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Graham Reynolds (Solo) + Daisy Chapman (Duo)

A stripped-down weird hybrid of Eno-like ambience and inspired dynamism by the quintessential modern composer/pianist Graham Reynolds. And perceptive, sometimes brutal storytelling songs, strikingly performed by Daisy Chapman.

Doors open: 17:30 | Event start: 18:00

Sun 5 May // 18:00 (cancelled)

Tickets: £15


'A fantastic player that adds a muscular edge to the rich tones he pulls out of his instrument... capable of stretching all manner of sonic boundaries.' 
Jazz Times


Austin-based Graham Reynolds is anything but your stereotypical composer, more a fully qualified mad scientist of bold and uncompromising music, and a left field creative blur (he once smashed up a piano in the desert), weaving and recombining strands of post-rock, electronica, jazz, chamber classical, Americana, and vintage rock for unusual juxtapositions.

Reynolds works in extremes, he's collaborated with DJ Spooky, the Austin Symphony Orchestra and with live film collage creator Luke Savisky. His Golden Arm Trio are never three and never the same people twice.

He is Richard Linklater's (Slacker, Dazed And Confused, School Of Rock) go-to guy, who said of Reynolds' ability that 'he can do anything'. Reynolds has scored films such as Before Midnight, Bernie and Linklater's landmark film adaptation of Philip K Dick's sci-fi novel A Scanner Darkly, the original soundscape to which - full of short itchy and scratchy sound bites; a surf-like instrumental, a country-tinged breather, the sound of stuttering insects crawling through your hair - was released on vinyl for the first time on Fire Records in 2017.

Reynolds also creates music for theatre and dance. His movie and TV credits are regularly cult and quirky, a cavalcade of offbeat moments that jar purposefully next to his pieces for Ballet Austin's Grimm Tales and Poe/A Tale Of Madness. Along the way he's grabbed a few gongs on the mantelpiece, he digs 'crime jazz', nods to the Duke, loves a minor country chord, and even wrote a concerto about cog wheels and crank handles. He continues to work on a bi-lingual opera called Pancho Villa From A Safe Distance... gotta fill your time. All this while a multimedia collaboration with Kronos Quartet's Jeffery Ziegler, The Sound Of Science, tours internationally.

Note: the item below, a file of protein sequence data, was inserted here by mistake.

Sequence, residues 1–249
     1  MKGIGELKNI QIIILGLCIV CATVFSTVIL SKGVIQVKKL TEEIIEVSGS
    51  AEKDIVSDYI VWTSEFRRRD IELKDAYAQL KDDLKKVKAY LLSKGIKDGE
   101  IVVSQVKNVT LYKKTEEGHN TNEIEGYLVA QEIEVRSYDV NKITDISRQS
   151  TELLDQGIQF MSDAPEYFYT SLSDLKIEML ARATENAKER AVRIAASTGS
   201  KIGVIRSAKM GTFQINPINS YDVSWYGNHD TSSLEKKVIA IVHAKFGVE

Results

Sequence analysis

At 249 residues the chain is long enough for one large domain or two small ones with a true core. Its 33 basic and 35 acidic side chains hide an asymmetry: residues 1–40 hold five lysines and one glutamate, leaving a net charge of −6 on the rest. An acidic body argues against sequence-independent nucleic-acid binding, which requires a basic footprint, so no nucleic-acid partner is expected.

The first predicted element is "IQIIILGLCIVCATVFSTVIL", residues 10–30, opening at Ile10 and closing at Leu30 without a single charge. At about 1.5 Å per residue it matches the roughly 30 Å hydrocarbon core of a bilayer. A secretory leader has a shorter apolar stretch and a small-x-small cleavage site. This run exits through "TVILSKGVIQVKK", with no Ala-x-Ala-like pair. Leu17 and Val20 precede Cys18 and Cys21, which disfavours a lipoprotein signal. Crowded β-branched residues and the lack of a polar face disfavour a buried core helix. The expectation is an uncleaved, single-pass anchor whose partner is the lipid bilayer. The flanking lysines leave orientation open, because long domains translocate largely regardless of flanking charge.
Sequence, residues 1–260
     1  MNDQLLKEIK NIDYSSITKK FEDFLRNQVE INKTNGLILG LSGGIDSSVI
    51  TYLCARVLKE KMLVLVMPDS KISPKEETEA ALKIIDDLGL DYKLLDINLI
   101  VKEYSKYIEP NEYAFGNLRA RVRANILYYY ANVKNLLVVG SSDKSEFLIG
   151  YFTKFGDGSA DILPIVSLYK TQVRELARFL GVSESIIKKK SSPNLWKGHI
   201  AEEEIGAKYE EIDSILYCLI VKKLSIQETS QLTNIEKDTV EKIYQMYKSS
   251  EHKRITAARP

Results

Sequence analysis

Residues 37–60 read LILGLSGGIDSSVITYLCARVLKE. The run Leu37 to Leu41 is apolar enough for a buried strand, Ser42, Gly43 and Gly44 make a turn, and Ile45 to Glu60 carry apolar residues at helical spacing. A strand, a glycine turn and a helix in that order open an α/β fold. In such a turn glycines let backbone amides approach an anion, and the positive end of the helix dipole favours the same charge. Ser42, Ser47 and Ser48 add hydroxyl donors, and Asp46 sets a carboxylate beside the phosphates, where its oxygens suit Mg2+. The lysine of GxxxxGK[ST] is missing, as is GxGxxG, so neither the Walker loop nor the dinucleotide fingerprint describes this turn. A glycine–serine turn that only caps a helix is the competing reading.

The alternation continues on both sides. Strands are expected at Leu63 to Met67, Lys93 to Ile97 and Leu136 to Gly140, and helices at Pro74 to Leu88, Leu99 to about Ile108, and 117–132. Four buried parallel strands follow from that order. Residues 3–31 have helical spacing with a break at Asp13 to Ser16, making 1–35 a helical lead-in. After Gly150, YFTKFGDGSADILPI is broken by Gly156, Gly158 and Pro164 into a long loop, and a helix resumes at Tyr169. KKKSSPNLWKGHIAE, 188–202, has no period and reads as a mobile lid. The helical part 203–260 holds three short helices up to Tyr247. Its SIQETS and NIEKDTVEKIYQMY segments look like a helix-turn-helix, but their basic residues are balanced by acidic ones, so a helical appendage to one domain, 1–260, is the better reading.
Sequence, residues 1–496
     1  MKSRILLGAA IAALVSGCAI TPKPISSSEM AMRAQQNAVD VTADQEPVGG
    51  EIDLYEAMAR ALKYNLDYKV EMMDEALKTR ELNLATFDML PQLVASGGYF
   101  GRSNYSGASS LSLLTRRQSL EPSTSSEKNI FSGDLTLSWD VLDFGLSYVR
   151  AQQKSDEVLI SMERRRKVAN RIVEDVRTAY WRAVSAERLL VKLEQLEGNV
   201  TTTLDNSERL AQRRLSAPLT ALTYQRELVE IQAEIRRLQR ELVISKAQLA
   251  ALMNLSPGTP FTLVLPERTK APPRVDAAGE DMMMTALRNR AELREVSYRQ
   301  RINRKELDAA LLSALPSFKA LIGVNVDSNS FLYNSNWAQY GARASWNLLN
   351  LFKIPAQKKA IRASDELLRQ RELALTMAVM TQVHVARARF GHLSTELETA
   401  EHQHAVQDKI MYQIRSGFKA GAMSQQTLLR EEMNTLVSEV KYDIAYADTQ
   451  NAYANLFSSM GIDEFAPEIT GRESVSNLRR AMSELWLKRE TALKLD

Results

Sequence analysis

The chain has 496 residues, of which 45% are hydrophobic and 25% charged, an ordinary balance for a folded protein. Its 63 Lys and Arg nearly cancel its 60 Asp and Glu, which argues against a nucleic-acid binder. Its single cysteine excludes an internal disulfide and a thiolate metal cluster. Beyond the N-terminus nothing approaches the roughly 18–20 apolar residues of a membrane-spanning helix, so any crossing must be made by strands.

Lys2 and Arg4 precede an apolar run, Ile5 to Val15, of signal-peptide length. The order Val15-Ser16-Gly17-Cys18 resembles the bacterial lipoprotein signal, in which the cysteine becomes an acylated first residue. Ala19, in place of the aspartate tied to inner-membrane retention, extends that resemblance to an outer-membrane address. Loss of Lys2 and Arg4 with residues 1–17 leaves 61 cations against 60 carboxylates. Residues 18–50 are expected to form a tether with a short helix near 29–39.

He likes tension, as he circumnavigates the boundaries of what and how we should be listening - who else could make Music For Forklift Danceworks, or evoke the terror-stricken foggy streets of Jack The Ripper-era London with consummate expertise for his playfully sinister and modern re-imagining of Hitchcock's The Lodger, as part of Fire's Re-Imagined soundtrack series in 2020?

'For director Richard Linklater alone, Reynolds has been heartsick and wistful (Before Midnight), tense and suspenseful (A Scanner Darkly), jaunty and blithe (Bernie).'
Texas Monthly

'A rare talent.' 
Pop Matters

'Rich and inventive.'

'A long-time piano-playing favourite, his extensive accomplishments in film, theatre, dance, film and television speak for themselves before you first spin his music.'



An atmospheric, articulate, and strikingly raw and full blooded acoustic set from well-travelled anti-folk vocalist and 'Nymanesque' pianist Daisy Chapman. Considered 'one of Britain's finest songwriters' (R2 Magazine) every song harbours a dark lyrical story of love, lust and loss - think Neil Hannon meets Leonard Cohen meets Regina Spektor.

Daisy has performed as part of Crippled Black Phoenix (with members of Portishead and Hawkwind) and is also as lead vocalist for new prog outfit Venus Principle (with ex-Crippled Black Phoenix members). She has played extensively across the world, including festivals such as Glastonbury, 2000 Trees, Breminale Germany and Migration Festival in Taiwan. Her fourth studio album, She Took Flight, offers a more ethereal, even film score tone than her previous releases, but maintains her soul and warmth.

'Instantly captivating.'
The Independent

'An enchanting work between chanson and classic songwriting.'
Rolling Stone Germany

'Enchanting, challenging and stirring stuff.'
Venue Magazine